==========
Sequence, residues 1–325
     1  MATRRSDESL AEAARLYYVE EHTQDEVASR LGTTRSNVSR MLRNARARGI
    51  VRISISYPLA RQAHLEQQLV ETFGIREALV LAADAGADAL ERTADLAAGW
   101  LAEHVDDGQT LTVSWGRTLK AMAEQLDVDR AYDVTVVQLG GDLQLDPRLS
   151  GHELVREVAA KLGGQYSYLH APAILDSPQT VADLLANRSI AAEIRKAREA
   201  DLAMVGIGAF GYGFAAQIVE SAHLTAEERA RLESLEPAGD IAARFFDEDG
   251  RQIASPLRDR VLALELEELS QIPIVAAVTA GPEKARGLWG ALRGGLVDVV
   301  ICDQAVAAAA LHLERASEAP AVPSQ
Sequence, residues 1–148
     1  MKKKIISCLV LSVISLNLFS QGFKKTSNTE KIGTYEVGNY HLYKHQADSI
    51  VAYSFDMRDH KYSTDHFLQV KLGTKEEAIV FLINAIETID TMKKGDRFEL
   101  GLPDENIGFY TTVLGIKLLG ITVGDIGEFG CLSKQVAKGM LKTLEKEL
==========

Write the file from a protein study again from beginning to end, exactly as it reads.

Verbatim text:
Sequence, residues 1–325
     1  MATRRSDESL AEAARLYYVE EHTQDEVASR LGTTRSNVSR MLRNARARGI
    51  VRISISYPLA RQAHLEQQLV ETFGIREALV LAADAGADAL ERTADLAAGW
   101  LAEHVDDGQT LTVSWGRTLK AMAEQLDVDR AYDVTVVQLG GDLQLDPRLS
   151  GHELVREVAA KLGGQYSYLH APAILDSPQT VADLLANRSI AAEIRKAREA
   201  DLAMVGIGAF GYGFAAQIVE SAHLTAEERA RLESLEPAGD IAARFFDEDG
   251  RQIASPLRDR VLALELEELS QIPIVAAVTA GPEKARGLWG ALRGGLVDVV
   301  ICDQAVAAAA LHLERASEAP AVPSQ
Sequence, residues 1–148
     1  MKKKIISCLV LSVISLNLFS QGFKKTSNTE KIGTYEVGNY HLYKHQADSI
    51  VAYSFDMRDH KYSTDHFLQV KLGTKEEAIV FLINAIETID TMKKGDRFEL
   101  GLPDENIGFY TTVLGIKLLG ITVGDIGEFG CLSKQVAKGM LKTLEKEL